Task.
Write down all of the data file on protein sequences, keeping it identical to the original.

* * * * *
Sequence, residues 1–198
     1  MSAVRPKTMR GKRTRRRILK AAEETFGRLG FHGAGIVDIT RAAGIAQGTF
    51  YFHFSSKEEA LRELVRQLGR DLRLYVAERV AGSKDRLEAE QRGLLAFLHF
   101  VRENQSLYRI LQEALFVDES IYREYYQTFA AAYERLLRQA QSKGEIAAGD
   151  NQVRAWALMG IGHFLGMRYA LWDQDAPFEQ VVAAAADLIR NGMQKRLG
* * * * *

Sequence, residues 1–198
     1  MSAVRPKTMR GKRTRRRILK AAEETFGRLG FHGAGIVDIT RAAGIAQGTF
    51  YFHFSSKEEA LRELVRQLGR DLRLYVAERV AGSKDRLEAE QRGLLAFLHF
   101  VRENQSLYRI LQEALFVDES IYREYYQTFA AAYERLLRQA QSKGEIAAGD
   151  NQVRAWALMG IGHFLGMRYA LWDQDAPFEQ VVAAAADLIR NGMQKRLG